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What is Window Thermal Performance?

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Window Geeks: Master Class

Guide to Code Compliance for Thermal Performance in Windows

Master Class

Recently on the Window Geeks: Master Class, we’ve been dealing with thermal performance and U-Values. In this handy installment, we’ll supply a guide for Code compliance for thermal performance in windows.

After this week’s lesson, you will...

  • Have a greater understanding of Code and U-Value requirements.
  • Understand what category of performance certain U-Values fall into.

Avoiding Contradictory Specs

In North America, every aspect of a window is taken into consideration when it comes to determining a product’s U-Value. We touched on this a few weeks ago in our lesson ‘How is Window Thermal Performance Regulated and Enforced in Canada?. The guide below is designed to help you understand what U-Values are associated with what category of performance in a simple way. When applying the prescriptive compliance path, the U-Values specified and installed must meet the minimum prescriptive values outlined.

To avoid listing contradictory specs, it’s good to have a basic understanding of how some levels of performance will limit your options for sizes and configurations. This is something the Window Geeks have discussed in the past. A third pane of high performance glass (typically achieving U-Values between U0.95 and U0.81 nowadays) may improve thermal performance, but it will also lead to the window being heavier and the installation requiring more labour. As well as making the project more costly, this limits sizes and configurations to help ensure the product functions properly and stands the test of time.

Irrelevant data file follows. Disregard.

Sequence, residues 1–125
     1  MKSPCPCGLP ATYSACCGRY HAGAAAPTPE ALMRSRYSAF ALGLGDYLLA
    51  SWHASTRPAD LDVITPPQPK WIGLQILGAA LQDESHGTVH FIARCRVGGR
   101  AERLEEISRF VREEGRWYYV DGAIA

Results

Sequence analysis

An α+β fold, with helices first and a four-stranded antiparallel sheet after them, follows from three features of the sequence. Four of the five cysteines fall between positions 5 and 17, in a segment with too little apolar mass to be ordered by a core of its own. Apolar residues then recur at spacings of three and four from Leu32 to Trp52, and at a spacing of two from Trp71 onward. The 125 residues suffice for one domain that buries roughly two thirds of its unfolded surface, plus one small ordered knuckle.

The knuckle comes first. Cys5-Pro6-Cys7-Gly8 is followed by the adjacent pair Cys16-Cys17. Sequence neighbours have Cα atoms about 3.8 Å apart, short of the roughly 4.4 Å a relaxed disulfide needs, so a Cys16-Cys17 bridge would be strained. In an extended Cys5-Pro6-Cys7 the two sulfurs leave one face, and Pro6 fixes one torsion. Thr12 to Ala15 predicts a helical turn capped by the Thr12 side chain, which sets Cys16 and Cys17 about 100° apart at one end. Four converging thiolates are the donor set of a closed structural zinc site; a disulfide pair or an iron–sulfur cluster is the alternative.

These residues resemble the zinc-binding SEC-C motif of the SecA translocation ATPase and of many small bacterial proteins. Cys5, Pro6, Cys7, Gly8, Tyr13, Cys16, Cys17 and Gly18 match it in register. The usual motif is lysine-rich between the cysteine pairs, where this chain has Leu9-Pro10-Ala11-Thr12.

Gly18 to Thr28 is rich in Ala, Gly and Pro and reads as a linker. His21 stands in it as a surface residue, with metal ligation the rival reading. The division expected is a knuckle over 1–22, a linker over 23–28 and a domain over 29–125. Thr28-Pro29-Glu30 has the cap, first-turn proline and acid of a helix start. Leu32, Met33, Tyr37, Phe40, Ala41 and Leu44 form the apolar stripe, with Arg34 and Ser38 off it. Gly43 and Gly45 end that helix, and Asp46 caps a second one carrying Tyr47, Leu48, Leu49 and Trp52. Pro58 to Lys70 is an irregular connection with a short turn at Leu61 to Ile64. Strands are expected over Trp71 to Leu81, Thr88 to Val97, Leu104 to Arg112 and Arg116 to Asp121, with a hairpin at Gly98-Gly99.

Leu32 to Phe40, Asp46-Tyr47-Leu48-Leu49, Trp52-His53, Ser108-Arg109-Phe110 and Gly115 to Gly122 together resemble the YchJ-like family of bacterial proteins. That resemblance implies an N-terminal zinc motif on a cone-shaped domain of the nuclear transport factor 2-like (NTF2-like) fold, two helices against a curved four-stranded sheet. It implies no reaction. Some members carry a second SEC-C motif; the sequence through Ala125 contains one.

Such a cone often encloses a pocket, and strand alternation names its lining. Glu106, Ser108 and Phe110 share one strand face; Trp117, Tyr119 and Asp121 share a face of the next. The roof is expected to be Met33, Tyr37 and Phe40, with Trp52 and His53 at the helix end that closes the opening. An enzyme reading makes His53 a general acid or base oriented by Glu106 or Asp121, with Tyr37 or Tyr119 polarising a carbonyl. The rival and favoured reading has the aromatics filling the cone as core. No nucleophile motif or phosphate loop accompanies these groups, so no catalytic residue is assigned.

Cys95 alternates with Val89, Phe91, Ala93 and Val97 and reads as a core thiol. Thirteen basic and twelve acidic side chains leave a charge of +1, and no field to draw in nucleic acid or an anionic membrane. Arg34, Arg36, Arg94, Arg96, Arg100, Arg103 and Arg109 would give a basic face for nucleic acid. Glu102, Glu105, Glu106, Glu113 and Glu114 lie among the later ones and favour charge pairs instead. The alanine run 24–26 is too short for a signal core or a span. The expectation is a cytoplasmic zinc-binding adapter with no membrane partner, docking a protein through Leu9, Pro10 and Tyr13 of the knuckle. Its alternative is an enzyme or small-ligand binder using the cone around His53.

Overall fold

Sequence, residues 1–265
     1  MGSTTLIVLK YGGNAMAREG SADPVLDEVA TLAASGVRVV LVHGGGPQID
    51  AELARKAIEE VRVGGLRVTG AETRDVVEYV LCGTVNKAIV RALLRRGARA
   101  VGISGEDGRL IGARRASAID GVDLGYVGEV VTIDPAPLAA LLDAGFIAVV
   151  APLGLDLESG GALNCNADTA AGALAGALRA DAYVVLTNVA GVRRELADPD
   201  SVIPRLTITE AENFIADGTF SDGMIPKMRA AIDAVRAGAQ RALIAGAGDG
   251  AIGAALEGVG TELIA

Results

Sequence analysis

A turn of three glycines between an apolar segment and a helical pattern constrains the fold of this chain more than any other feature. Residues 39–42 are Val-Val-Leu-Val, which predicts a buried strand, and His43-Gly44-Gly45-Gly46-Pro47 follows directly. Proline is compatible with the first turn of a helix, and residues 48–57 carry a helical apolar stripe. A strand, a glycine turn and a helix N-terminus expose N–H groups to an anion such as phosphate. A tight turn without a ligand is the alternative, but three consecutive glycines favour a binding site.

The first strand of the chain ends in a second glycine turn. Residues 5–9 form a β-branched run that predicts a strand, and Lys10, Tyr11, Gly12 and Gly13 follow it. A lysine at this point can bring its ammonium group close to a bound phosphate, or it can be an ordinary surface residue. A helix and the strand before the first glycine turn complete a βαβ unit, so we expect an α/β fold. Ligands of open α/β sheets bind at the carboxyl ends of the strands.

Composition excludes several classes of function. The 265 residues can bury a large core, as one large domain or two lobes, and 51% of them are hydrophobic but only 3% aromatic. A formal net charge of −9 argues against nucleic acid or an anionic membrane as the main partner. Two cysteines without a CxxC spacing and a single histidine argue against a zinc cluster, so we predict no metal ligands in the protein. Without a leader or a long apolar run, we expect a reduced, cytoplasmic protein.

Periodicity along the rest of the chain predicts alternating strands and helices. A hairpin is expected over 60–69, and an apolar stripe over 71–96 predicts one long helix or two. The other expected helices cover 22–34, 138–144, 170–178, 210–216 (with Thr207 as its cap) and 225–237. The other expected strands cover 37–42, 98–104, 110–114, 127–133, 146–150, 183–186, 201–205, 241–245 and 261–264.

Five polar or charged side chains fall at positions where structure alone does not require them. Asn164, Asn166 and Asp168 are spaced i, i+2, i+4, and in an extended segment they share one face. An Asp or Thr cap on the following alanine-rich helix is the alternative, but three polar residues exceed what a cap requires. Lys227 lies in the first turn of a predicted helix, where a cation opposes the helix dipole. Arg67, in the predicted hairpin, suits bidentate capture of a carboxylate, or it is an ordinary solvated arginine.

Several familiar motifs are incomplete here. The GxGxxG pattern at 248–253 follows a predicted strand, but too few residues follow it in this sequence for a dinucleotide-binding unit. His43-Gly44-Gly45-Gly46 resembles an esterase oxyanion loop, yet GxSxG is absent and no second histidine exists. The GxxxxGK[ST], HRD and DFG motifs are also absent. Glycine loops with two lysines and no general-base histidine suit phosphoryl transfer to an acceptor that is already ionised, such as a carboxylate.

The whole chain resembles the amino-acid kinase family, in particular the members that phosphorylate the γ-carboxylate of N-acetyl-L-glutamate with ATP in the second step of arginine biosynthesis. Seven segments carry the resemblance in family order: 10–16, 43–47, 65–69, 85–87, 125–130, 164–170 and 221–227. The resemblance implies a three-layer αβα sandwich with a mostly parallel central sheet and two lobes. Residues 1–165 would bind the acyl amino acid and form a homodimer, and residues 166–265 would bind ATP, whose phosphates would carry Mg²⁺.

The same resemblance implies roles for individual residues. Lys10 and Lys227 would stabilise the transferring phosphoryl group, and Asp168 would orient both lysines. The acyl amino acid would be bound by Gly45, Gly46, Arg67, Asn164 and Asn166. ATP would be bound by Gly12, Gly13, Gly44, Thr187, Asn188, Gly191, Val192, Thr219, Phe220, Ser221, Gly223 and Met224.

If you specify that windows should be sliders, the lowest U-Value you will likely achieve is between U1.6 and U1.4 with high performance double glazing. Casements, meanwhile, can achieve U-Values lower than U1.25 with this glazing.

Tip from last time: the smaller the U-Value, the better the insulating performance.

Code Compliance Guide

The BC Building Code uses U-Values and starts at U1.8, which is the code performance minimum – at least for the time being. Mandatory step 2 is coming soon for building permits and will require stricter U-Values for the prescriptive path.

The BC Energy Efficiency Act minimum is U1.61.

The performance path allows for U1.44 in Vancouver when renovating, but new construction requires a minimum of U1.22 for new construction.

  • Sliding windows can be improved from roughly U1.60 to U1.40 with high-performance double glazing.

Anything below U1.4 requires exceptional thermal performance – not just from the glass, but also the frame.

  • Most triple-glazed products are between U0.95 and U0.81.
  • U0.71 for Passive House.

On the next installment of the Master Class, we’ll be exploring why Passive House isn’t the perfect solution to reducing energy consumption.

Written by: Window Geeks , March 2, 2023
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